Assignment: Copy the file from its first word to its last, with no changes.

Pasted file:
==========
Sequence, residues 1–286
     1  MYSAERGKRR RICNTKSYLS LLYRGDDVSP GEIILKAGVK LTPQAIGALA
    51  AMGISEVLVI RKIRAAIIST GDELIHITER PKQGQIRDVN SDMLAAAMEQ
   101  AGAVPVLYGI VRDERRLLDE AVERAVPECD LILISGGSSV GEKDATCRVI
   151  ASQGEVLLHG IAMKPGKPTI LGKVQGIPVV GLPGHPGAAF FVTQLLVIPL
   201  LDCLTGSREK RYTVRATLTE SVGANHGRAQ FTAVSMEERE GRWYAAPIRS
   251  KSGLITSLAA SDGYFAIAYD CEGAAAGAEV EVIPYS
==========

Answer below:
Sequence, residues 1–286
     1  MYSAERGKRR RICNTKSYLS LLYRGDDVSP GEIILKAGVK LTPQAIGALA
    51  AMGISEVLVI RKIRAAIIST GDELIHITER PKQGQIRDVN SDMLAAAMEQ
   101  AGAVPVLYGI VRDERRLLDE AVERAVPECD LILISGGSSV GEKDATCRVI
   151  ASQGEVLLHG IAMKPGKPTI LGKVQGIPVV GLPGHPGAAF FVTQLLVIPL
   201  LDCLTGSREK RYTVRATLTE SVGANHGRAQ FTAVSMEERE GRWYAAPIRS
   251  KSGLITSLAA SDGYFAIAYD CEGAAAGAEV EVIPYS